The song you wrote for this film, "Still Alive," is terrific. Had the title for the film been decided when you wrote the song?
Yeah, I actually wrote the title song defensively. They wanted to call it Paul Williams Still Alive, and I went, "Oh, man,"—I still have a little bit of ego—"do you think everybody thought I was dead?" A huge part of the message of the song, for me, is about my gratitude, because too many souls—Amy Winehouse, Whitney Houston, and in some ways I think Rodney King—addiction and alcoholism have taken so many of my friends, so many talented people and continue to. So, "Still Alive" had a larger significance to me: the dreamer's still alive. The title offered a chance to express my gratitude for where I am in this process of recovery.
There have been numerous films about musicians and songwriters, both fiction and documentary, but I don't know one film that depicts the compulsion and difficulty of the songwriting process better than Ishtar.
[Laughs] Thank you. I took a method approach to that. I cast half of myself as Chuck and half of myself as Lyle and really tried to approach it honestly, as a method actor playing a songwriter that's— It's not that he's bad, it's just they kinda miss the mark and they're a bad mix. One will say something that the other one likes, and they talk each other into things that aren't quite right, and I wanted to write totally believable bad songs. I wanted them to write things where they miss things that are obvious to the audience—Dustin Hoffman singing to a couple on their 60th wedding anniversary, he writes a song called "I'm Leaving Some Love in My Will." There's stuff that isn't in the film that is my favorite. There's one called "Carol." The best part that didn't make it in the picture was a bridge that said, "There'll be no motion sickness on the roller coaster ride/No abandoned puppies and no best friends that died." [Laughs]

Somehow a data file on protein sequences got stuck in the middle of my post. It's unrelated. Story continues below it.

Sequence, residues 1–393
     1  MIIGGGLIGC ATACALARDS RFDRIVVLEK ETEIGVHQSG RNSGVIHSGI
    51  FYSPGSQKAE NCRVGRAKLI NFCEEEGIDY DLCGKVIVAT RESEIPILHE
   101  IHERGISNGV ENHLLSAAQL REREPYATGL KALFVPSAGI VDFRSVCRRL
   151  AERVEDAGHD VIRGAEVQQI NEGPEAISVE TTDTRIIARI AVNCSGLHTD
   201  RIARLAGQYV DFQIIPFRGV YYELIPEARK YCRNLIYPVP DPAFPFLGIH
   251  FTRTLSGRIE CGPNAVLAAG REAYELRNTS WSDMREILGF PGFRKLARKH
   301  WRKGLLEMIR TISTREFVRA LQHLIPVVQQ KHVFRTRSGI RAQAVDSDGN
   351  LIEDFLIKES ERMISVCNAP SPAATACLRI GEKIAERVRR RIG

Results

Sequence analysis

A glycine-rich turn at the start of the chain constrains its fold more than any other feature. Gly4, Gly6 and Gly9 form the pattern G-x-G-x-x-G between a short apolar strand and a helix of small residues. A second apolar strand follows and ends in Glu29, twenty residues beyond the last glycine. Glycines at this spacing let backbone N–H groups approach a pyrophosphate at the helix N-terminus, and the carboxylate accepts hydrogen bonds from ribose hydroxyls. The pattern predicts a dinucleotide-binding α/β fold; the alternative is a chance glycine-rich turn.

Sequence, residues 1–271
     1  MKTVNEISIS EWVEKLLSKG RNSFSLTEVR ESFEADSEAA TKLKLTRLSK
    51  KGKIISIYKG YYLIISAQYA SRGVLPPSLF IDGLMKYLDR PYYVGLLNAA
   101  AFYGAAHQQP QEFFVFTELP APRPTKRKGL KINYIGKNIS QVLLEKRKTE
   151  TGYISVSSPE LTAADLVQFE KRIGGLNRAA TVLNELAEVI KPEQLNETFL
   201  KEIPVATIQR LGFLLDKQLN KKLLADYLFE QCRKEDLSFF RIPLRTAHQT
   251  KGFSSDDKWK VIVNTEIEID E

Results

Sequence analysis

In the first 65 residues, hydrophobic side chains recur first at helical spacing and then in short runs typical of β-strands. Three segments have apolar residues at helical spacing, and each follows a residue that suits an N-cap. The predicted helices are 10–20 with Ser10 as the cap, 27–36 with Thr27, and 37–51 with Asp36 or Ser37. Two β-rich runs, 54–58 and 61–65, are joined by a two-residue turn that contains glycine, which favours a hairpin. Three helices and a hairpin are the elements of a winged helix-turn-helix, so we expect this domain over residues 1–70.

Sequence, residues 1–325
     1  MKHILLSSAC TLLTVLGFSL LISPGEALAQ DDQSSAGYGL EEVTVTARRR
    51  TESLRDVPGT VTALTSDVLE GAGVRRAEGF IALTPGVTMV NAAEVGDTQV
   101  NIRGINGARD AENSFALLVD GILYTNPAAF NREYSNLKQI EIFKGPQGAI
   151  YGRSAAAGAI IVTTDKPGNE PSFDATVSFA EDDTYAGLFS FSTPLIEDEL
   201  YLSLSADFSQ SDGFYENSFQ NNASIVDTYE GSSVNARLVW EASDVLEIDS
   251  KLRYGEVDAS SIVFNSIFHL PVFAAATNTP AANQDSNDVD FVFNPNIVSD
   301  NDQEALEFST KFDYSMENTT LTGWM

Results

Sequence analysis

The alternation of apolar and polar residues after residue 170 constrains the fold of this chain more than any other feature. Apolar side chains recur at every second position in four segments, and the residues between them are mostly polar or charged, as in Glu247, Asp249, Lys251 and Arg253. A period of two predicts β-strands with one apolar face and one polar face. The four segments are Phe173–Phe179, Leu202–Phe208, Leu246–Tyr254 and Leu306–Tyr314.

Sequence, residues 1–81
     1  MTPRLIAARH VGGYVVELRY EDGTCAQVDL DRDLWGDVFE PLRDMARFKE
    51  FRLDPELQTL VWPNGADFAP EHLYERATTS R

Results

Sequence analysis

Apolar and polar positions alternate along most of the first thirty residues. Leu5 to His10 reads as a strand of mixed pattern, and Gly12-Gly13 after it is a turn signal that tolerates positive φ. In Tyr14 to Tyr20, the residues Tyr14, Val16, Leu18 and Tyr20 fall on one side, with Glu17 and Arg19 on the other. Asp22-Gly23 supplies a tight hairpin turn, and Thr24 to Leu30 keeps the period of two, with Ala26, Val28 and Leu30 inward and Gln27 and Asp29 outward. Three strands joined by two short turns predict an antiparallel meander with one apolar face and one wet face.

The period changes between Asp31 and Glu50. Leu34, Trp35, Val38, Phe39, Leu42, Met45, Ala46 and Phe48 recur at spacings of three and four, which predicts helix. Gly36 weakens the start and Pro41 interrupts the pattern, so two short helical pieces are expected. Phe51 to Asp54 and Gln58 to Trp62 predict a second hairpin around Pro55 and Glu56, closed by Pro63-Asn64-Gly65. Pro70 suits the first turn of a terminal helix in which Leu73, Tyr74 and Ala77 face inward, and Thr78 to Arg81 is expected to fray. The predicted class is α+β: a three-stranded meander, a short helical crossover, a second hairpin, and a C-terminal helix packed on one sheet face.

Has it not been released on DVD?
We're hoping at some point they'll release it. We did a full-blown rock 'n' roll version of all the songs, it was supposed to be released as a soundtrack album. When the reviews came in, everyone just backed away at Columbia, and Warren and everybody. I'm really proud of the work, and Quentin Tarantino owns a print of the film. He loves the film.
In an interview I did with Tegan and Sara a couple years ago, Sara mentioned how she and her sister were obsessed with the Phantom of the Paradise soundtrack when they were kids. This would have been in the mid-'80s. Have younger artists in recent years had the opportunity to tell you how your music has made an impression on them?
Absolutely. I got an email from Scissor Sisters and I wound up writing with them. Jason Mraz and I have recorded a duet of "Rainbow Connection." I'm working now with Daft Punk. Although there's this press blackout on Daft Punk. I'm not supposed to really talk about that right now, but they're mixing the album. The Muppets just did an album called The Green Album—you know, The Beatles did a White Album—and it debuted on the chart at #9. It's all contemporary groups like Weezer and My Morning Jacket, Matt Nathanson, guys like that all doing these Muppet songs. And about half of them are mine. First of all, I was thrilled that they did it. But I freaked out when I heard My Morning Jacket do these two songs from Emmet Otter's Jug-Band Christmas. It was brilliant. So I jumped online and started buying My Morning Jacket material. They're an amazing band! All of this is very complimentary to a songwriter.
I know you've been making some appearances with the film as of late. Has anything surprised you about the response to it, or have you discovered anything about your music during the process?
The biggest surprise of the film is how lovingly it's been received. My reluctance to do this was based around my own addiction to the camera at one point and all the media attention. Do I really want to poke the bear again? Is the film gonna come out and is the across-the-board media gonna go, "Who cares?" But the response has been so respectful and so kind. That kind of throws me. I'm not used to the media being so sweet about this. I'll take all the kindness I can get. It's really wonderful.
Paul Williams is scheduled to appear for a discussion with a screenning of the film at the Gene Siskel Film Center in Chicago on Saturday, June 30.